In further studies, pretreatment with DTT was found to increase the specific 125I-labelled Ang II binding of all four isoforms. Moreover, DTT also produced a further specific binding component between pI 6·5 and pI 6·7 which exhibited AT2 subtype pharmacology in DTT-treated preparations. Since DTT has been reported to enhance only AT2 subtype binding this also suggests that the different isoforms may contain components related to both AT1 and AT2 receptor subtypes.

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E. Jimenez, S. Marsigliante, S. Barker, J. P. Hinson, and G. P. Vinson


Angiotensin II (AII) receptors were identified in rat tissue membranes by specific binding of 125I-labelled AII. Using an isoelectric focusing technique, two forms of the high-affinity AII receptor were identified in rat adrenal zona glomerulosa and liver membranes. These migrated to isoelectric points (pI) 6.8 and 6.7. Two low-affinity forms migrated to pI 6.5 and 6.3. The two high-affinity forms were in greatest abundance in the zona glomerulosa, while the low-affinity pI 6.5 isoform was predominant in liver membranes. In uterine membranes both low-affinity isoforms were observed, but there was only one of the high-affinity forms (pI 6.7).

Concentrations of AII receptor isoforms were increased in the zona glomerulosa of sodium-deprived rats.

Reduction of disulphide bridges with dithiothreitol (DTT) had different effects on the various AII receptor isoforms. Thus 1 mmol DTT/l caused a twofold increase in 125I-labelled AII binding in zona glomerulosa membranes. DTT produced no appreciable differences in specific AII binding in uterine membranes, whereas there was a 50% reduction of binding in liver membranes. At 20mmol/1, DTT greatly decreased AII binding in all tissues.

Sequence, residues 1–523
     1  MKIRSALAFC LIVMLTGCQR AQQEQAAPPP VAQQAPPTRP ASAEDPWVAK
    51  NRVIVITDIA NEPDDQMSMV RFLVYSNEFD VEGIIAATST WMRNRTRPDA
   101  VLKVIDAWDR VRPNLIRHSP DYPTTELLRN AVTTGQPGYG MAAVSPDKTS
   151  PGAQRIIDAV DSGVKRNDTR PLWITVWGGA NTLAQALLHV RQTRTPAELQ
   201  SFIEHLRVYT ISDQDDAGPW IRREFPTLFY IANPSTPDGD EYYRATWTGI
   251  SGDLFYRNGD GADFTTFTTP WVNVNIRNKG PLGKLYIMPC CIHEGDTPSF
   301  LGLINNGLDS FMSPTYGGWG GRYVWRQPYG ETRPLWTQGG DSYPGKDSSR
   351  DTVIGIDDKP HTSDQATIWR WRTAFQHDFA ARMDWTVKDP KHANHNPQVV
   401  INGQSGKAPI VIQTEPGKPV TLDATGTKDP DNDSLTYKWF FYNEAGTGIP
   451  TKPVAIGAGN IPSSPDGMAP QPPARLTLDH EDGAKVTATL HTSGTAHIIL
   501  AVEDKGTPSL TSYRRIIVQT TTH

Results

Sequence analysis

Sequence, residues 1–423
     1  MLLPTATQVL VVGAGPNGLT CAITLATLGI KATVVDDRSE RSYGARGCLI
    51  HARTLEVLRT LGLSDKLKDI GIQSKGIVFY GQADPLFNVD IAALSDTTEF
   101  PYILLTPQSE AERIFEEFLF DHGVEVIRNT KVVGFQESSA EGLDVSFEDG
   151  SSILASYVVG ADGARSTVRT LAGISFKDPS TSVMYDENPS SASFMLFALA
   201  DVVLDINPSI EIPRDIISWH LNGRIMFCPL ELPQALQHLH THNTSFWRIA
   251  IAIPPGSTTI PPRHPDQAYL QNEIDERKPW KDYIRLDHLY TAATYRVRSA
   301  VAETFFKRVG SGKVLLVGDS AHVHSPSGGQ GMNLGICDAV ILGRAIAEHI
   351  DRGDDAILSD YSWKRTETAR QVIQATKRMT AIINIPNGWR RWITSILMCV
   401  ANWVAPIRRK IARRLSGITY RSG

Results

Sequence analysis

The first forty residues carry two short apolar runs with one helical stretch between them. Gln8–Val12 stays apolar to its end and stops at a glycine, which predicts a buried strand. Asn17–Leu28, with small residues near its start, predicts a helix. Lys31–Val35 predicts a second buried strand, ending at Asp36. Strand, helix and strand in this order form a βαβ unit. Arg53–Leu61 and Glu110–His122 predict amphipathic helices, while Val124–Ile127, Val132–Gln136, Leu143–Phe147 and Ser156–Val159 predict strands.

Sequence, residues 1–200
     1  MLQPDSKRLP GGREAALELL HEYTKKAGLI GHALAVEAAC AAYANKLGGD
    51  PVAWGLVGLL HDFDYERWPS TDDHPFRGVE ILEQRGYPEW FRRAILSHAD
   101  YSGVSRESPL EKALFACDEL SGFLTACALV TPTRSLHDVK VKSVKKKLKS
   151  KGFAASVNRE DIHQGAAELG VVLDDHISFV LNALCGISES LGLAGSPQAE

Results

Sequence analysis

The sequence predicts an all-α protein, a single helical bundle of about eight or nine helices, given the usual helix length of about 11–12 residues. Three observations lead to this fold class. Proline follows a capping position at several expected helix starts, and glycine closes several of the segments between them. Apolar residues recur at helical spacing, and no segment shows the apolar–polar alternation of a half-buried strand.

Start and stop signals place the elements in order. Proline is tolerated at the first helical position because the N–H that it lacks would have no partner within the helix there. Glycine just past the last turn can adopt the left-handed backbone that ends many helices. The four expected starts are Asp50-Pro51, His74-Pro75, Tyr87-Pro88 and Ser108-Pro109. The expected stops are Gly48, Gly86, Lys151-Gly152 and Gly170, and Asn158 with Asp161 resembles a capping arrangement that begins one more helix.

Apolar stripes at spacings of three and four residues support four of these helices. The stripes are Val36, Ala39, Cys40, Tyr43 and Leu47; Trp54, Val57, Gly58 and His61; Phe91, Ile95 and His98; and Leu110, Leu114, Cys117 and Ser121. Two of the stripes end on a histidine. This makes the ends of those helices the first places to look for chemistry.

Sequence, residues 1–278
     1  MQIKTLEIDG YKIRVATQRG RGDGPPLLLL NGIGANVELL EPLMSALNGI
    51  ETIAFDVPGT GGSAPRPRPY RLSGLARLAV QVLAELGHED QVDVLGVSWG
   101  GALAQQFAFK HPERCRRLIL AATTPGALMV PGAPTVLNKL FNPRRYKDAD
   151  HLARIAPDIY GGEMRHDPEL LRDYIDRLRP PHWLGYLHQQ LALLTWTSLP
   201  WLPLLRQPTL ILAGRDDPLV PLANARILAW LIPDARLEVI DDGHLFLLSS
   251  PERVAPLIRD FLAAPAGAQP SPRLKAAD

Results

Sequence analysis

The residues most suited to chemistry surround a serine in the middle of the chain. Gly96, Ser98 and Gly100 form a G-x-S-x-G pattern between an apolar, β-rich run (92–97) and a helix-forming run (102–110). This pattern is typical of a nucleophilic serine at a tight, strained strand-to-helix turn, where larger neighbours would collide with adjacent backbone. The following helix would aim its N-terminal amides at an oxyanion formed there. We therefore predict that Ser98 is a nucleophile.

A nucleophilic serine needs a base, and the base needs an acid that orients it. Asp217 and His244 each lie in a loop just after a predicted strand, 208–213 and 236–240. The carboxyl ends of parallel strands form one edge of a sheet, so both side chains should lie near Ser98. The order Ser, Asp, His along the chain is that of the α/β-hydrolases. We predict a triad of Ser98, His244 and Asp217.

The data suggest the existence of multiple forms of AII receptors which may have different functions.

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S Marsigliante, T Verri, S Barker, E Jimenez, G P Vinson, and C Storelli


Previous studies have shown the effects of angiotensin II (Ang II) in teleosts, and Ang II-binding sites have also been localized in tissues from rainbow trout. The purpose of this study was to extend these findings and to provide an analysis of Ang II receptor (Ang II-R) isoforms in three tissues obtained from European eel (Anguilla anguilla).

Ang II-Rs were identified in eel liver, kidney and intestine membranes by the binding of either 0·5 nmol human 125I-labelled Tyr4-lle5-Ang II/l or increasing concentrations (1–120 nmol/l) of [3,5-3H]Tyr4-Ile5-Ang II. Using an isoelectric focusing technique, two Ang II-binding sites were identified in liver membranes. These migrated to isoelectric points (pI values) 6·5 and 6·7. Seventy per cent of binding to both sites was displaced by a 10 000-fold excess of unlabelled human Ang II. In both whole plasma membranes and brush border membranes from intestine, only one form of the Ang II-R was found, with pI 6·5 and high affinity (K d=3·4 nmol/l) for the [3,5-3H]Tyr4-Ile5-Ang II. Similarly, only the isoform focusing at pI 6·5 was observed in renal tubular epithelial brush border membranes. Reduction of disulphide bridges with dithiothreitol significantly enhanced Ang II binding to the isoform at pI 6·5 in liver (P<0·05) and kidney (P<0·01), while in liver the binding to the isoform of pI 6·7 was significantly reduced (P<0·001).

The data suggest the existence in eel liver of multiple forms of Ang II-R, which may have different functions, while one single form appeared to be present in enterocyte plasma membrane and in renal brush border membrane.